2 tests to recognize the porcelain

Publié par Aude MOUCHEL le

2 tests to recognize the porcelain

Take for a little spin and then goes away.

We cannot say the same about porcelain! Already known and recognized by our grandmothers, it has now become unavoidable. We find it everywhere, from the table to our jewels. But what does it consist of? How can we recognize it?

5 centuries to discover the secret ingredient!

The Chinese are the great forerunners of porcelain and the first holders of the “recipe” of manufacture whose long-held secret elements are:
  • Kaolin (white clay)
  • Cooking at 1200°C
And the secret has been difficult to discover because if the technique exists since the twelfth century in China, it has taken the eighteenth century for it to arrive in France. A first attempt was made when crossing the silk roads. The Europeans returned the pockets full of Oriental porcelain and with them a strong desire to copy them! But the first attempts couldn’t match the Chinese creations: the porcelain is too soft and too fragile.
A good reason for this, “to know about things, it’s important to know the details" (François de la Rochefoucauld-1665). But the "detail" would have to wait until the 18th century to be discovered: it is the secret ingredient, the kaolin.
This small revolution took place in Meissen (Saxony) and then spread to the other major European centers. France took advantage of this opportunity to seize this discovery and began deploying the technique of «hard porcelain» in its main production centers: the famous factories of Sèvres, Paris and Limoges.
The production intensifies, the porcelain travels times like a chameleon. And with each new trend, it changes its “coating” to look its best.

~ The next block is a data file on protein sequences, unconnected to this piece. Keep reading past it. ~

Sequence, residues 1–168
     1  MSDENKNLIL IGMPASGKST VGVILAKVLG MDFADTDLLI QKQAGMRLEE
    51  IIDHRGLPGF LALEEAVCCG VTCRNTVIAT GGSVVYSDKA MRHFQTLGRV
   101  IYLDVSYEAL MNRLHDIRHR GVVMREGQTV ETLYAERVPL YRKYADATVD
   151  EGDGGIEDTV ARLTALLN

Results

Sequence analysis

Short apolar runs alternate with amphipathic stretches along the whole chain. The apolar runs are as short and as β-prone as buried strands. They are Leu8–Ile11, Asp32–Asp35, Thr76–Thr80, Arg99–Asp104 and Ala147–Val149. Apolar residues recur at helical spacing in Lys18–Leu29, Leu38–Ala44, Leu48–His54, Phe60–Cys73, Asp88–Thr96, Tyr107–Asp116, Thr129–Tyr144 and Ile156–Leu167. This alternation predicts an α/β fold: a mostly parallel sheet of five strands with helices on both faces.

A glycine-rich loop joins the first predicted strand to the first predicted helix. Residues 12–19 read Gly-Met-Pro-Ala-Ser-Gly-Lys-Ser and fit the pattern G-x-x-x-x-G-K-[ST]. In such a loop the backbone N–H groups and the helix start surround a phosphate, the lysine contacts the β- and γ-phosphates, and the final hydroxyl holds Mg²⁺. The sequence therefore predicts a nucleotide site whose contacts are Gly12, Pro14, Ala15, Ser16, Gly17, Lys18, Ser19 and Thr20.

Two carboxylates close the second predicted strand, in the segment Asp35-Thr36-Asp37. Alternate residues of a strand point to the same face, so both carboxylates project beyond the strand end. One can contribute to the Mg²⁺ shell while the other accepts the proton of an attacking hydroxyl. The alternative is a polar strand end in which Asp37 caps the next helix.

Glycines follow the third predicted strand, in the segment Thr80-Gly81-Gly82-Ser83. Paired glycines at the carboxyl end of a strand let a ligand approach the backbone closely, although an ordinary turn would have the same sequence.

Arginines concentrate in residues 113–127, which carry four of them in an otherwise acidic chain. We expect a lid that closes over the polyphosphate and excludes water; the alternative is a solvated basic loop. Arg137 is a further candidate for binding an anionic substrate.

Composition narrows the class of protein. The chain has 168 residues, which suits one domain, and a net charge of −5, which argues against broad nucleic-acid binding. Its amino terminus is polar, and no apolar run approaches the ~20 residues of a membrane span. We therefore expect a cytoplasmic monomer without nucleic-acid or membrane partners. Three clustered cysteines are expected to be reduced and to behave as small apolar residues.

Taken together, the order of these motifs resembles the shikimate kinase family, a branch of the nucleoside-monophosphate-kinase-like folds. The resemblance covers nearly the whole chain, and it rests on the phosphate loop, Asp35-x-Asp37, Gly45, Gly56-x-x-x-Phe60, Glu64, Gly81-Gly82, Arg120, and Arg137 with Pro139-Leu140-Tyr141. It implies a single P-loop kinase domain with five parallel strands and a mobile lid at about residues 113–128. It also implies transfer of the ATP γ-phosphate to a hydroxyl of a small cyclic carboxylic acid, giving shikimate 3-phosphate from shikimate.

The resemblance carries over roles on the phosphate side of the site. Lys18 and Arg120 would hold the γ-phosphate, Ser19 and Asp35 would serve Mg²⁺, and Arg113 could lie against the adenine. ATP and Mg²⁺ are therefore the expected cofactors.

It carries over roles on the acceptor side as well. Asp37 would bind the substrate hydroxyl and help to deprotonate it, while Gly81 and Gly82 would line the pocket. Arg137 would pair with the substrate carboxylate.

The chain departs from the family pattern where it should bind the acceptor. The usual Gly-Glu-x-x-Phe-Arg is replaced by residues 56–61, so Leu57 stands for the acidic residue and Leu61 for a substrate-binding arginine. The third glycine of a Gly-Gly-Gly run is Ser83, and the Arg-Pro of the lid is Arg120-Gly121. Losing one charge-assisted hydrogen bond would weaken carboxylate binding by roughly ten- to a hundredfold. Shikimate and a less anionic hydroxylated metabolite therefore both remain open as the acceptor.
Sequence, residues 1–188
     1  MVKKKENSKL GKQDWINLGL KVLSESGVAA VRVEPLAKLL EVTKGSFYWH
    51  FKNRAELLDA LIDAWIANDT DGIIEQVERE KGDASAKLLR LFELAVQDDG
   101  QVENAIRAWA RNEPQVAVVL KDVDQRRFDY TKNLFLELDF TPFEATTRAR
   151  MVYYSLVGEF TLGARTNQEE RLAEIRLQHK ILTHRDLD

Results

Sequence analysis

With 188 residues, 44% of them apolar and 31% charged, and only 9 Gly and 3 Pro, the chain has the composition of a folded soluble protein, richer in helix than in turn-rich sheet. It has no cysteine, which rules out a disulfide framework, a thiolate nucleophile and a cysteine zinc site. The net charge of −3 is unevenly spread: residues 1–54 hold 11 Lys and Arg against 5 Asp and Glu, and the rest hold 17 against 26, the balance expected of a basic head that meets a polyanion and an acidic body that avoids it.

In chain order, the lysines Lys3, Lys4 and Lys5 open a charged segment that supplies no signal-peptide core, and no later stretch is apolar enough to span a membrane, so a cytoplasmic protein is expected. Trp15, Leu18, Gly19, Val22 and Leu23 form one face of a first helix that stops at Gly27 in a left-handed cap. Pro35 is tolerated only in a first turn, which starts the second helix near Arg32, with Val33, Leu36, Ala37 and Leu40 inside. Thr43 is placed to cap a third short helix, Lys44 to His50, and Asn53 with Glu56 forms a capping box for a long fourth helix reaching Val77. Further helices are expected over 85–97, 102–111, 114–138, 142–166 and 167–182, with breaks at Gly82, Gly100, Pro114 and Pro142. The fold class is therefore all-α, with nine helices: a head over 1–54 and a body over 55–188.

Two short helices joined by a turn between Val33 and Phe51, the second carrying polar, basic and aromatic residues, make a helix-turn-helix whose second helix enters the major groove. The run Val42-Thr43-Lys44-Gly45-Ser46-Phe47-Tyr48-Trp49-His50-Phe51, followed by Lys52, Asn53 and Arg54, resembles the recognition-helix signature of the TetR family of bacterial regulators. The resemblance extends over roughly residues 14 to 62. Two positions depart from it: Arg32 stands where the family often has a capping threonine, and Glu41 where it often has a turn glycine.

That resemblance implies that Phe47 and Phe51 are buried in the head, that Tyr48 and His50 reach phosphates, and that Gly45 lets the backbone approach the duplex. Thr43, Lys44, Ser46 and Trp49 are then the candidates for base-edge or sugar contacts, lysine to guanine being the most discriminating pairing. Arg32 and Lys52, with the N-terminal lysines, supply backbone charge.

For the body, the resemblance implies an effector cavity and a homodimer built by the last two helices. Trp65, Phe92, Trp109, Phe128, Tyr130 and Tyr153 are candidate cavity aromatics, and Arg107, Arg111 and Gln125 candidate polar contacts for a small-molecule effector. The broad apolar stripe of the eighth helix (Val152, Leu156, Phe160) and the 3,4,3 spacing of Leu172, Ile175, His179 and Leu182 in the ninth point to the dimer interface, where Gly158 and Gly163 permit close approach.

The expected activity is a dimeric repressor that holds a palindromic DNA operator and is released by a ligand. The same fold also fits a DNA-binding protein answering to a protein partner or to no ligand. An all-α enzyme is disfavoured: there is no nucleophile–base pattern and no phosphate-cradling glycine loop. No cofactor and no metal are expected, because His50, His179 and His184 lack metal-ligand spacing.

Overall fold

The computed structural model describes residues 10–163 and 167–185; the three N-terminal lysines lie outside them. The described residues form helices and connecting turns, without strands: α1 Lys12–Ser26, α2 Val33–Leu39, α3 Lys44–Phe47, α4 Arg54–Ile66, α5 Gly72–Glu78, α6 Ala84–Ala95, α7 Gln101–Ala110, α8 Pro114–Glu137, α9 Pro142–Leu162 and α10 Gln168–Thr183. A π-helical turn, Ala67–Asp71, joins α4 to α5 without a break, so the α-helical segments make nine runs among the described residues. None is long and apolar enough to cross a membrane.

One ingredient but… 2 porcelains?

Maybe yes, maybe no, like an authentic Norman.
Actually, these are two different aspects the porcelain can have:
  • The porcelain baked with enamelling. This is the most widespread aspect; it is easily recognized thanks to the enamel that appears as an outer layer on the material. And when it’s touched, it slips under fingers
  • Porcelain cooked without enamelling and without decoration, called «biscuit»: invented in the eighteenth century by the manufacture of Sèvres, it keeps the white color of the kaolin and look like marble. It is distinguished from enamelled porcelain by its touch, much rawer
Okay, we know a little bit more about what porcelain is, but we still don’t know how to recognize it! Don’t panic, it’s coming right now!

Let’s take a look at this!

You’re telling me that you remember a rather thick object whose decoration is worked in a less fine way than other objects? It is probably earthenware: made of earth, it takes the appearance of a pottery covered with varnish or enamel. Porcelain is distinguished from earthenware by its hardness, its great finesse and the delicacy of its decorations.
And 1! This first method allows to eliminate some of the objects that may look like porcelain.

Would you like another fun method to recognize porcelain?

We talk about method, but it’s a simple test: the lamp test. It’s simple, and it’s fun both for children and adults!
How do we do that? Place your ceramic object near a light source and if the light passes through, it’s bingo, you have porcelain in your hands!
How do we explain this phenomenon? Porcelain is vitrified at 1,200°C and transformed into glass. This process makes the material translucent, making it possible to distinguish porcelain from earthenware.

Test, made by Aude

Aude has made a test for you with one of the creations of Pelote de Porcelaine. The kaolin keeps its promise and is amazingly transparent. Even with more than moderate brightness, you can still see the fingers behind the cup. And the hand-painted drawing adds an artistic dimension to the nobility of the material. That’s the beauty of craftsmanship!
You want to do the lamp test, too? Then go to https://pelotedeporcelaine.com to do the test with objects painted in the colors of your passions! All the creations proposed are porcelain, and of course, made and painted in France! ;)
See you soon!




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